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Jul
17
comment Is the constraint $A^2 = B^2$ convex
Your last sentence is not technically true (consider $\lfloor x^2+y^2\rfloor=0$), but it's true enough for practical purposes. :)
Jul
16
comment Reconciling two intuitions about convolution
@Cameron: Do you think an natural explanation might have to do with the fact that convolution is a sum of translations, and the Fourier modes are precisely the eigenfunctions of any translation operator?
Jul
15
comment Can I have a logical explanation for why this number is so ridiculously close to a whole number?
Why do you think the answers to the other question are not trying to give "logical reasons"?
Jul
14
comment What is the area of the shape defined by the locus of a point on a circle rolling around another circle?
The shape is an epicycloid, more specifically a cardioid, and its area is given in the Wikipedia article. How to compute the area of a parametric curve is also on Wikipedia.
Jul
12
comment How do you call a 3d convex shape made of 8 arbitrary points?
A polytope in 3D is called a polyhedron, just like a polytope in 2D is a polygon. If your polyhedron is so much like a box that it has six quadrilateral faces, it would be a hexahedron.
Jul
12
comment 3D Shape with only coplanar faces?
Sorry, that was a misleading image. I meant this. No interior connectors.
Jul
12
comment 3D Shape with only coplanar faces?
For a nontrivial example, interpret the small stellated dodecahedron as having $60$ triangular faces instead of $12$ pentagrammic faces.
Jul
12
comment 3D Shape with only coplanar faces?
Like this shape with $54$ square faces? :)
Jul
12
comment When is the inverse of a reciprocated function equal to the function?
I would interpret "inverse of a reciprocated function" to mean $g^{-1}$ where $g(x)=1/f(x)$.
Jul
12
comment What kinds of functions have fixed points?
I think you mean Brouwer's fixed point theorem, not "Brewer's"?
Jul
12
comment What kinds of functions have fixed points?
Nitpicks: Not all cubics start positive and end negative. Also, not all odd-degree polynomials have at least one fixed point, because a polynomial of degree 1 is an odd-degree polynomial. Anyway, I don't think anything more can be said beyond Mihir's comment.
Jul
11
comment Trying to understand the limit of regular polygons: circle vs apeirogon (vs infinigon?)
Yes, you've got it.
Jul
11
comment Trying to understand the limit of regular polygons: circle vs apeirogon (vs infinigon?)
Pick a line segment $AB$ in the plane. Construct an equilateral triangle one of whose edges is $AB$. Now construct a square. Then a hexagon. Then a dodecagon. Imagine what a 100-gon on $AB$ would look like. Can you see a pattern?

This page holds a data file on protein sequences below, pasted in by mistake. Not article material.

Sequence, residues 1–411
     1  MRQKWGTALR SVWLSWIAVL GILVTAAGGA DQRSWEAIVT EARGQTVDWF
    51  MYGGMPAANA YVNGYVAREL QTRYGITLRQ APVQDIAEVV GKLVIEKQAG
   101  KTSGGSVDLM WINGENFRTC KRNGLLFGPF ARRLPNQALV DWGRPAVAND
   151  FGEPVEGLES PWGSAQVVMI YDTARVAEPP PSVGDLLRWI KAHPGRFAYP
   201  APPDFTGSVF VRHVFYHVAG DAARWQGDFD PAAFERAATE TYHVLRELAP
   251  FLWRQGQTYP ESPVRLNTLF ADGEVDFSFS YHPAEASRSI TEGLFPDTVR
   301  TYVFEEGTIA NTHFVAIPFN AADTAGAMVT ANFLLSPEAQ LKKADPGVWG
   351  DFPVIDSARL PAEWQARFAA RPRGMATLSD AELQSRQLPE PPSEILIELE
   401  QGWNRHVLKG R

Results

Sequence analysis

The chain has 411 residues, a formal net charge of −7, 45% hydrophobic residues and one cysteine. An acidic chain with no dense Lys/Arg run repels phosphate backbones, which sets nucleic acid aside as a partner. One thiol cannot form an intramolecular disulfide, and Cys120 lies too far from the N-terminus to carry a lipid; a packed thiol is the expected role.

Jul
11
revised Trying to understand the limit of regular polygons: circle vs apeirogon (vs infinigon?)
use non-mobile Wikipedia links
Jul
10
comment Sphere intersecting a triangle
I think what the author is saying is that if the sphere collides with the inside of the triangle, then any collison with a vertex or an edge must happen later (if at all). It's very confusingly written, but this is the only interpretation that's correct and consistent with the later text.
Jul
9
comment Is Tolkien's Middle Earth flat?
It minimizes $\max|d'_{ij}-d_{ij}|$. I should have said "the corresponding flat configuration" related to the assertion in my previous sentence.
Jul
9
comment Is Tolkien's Middle Earth flat?
Since @joriki brought up the accuracy of the distances, I thought I'd check how sensitive the problem is to rounding. Could the apparent non-flatness be a result of someone getting a ones'-place digit wrong? The answer is no: at least one of the distances has to change by at least $26.3$ miles. The "nearest" flat configuration has distances $839.3$, $761.3$, $806.3$, $1138.3$, $933.7$, and $1471.7$ miles.
Jul
7
comment How to find the shift that minimizes the difference between two vectors?
I think this answer is missing a lot of details. What do you take the derivative with respect to? How do you calculate a "certainty measure"? What does the weighted mean give you?
Jul
7
comment Animation of Weierstrass $\wp$-function as a map from a torus to the sphere?
John Baez talked about it a bit in Week 229 of his This Week's Finds blog. There isn't an animation, but there is a world map that visualizes the function.
Jul
6
comment Algorithm to find shortest path to net values across nodes
I think this is essentially a transportation problem, isn't it?